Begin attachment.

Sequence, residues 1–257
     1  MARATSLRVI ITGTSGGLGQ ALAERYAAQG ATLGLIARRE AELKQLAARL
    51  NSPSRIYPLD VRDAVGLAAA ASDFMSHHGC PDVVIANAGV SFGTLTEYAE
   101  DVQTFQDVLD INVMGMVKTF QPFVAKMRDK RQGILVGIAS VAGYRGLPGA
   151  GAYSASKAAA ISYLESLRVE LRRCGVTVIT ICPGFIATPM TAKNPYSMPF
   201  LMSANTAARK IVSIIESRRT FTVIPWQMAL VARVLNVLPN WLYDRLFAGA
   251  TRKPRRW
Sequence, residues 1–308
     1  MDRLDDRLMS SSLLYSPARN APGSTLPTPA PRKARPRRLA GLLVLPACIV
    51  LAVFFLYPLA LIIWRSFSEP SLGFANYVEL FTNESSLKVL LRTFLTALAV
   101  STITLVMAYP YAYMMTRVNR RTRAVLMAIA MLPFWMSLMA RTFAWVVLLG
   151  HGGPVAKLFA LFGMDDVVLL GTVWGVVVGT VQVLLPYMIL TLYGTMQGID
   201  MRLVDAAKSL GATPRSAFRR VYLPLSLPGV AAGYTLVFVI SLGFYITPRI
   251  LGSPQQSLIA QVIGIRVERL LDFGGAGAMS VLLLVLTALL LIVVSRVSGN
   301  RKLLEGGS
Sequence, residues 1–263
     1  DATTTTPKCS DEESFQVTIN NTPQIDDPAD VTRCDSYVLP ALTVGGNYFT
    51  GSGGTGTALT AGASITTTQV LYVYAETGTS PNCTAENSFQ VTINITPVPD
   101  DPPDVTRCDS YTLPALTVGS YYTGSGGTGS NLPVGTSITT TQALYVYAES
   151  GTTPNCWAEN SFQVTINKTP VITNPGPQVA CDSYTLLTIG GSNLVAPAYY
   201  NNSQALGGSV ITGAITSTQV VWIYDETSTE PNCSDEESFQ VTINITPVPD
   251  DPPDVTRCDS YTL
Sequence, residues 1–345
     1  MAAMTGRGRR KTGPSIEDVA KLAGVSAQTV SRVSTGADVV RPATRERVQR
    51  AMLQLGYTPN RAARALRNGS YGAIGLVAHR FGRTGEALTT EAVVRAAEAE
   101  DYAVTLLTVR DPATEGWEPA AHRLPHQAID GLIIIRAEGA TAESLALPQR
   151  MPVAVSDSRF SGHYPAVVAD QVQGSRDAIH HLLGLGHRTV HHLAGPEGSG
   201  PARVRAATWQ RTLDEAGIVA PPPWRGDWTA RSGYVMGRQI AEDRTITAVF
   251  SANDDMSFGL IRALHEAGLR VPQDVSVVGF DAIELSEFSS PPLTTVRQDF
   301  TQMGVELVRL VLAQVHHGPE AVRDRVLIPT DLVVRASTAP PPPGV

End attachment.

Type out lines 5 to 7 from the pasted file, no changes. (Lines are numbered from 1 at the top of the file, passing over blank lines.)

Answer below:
   151  GAYSASKAAA ISYLESLRVE LRRCGVTVIT ICPGFIATPM TAKNPYSMPF
   201  LMSANTAARK IVSIIESRRT FTVIPWQMAL VARVLNVLPN WLYDRLFAGA
   251  TRKPRRW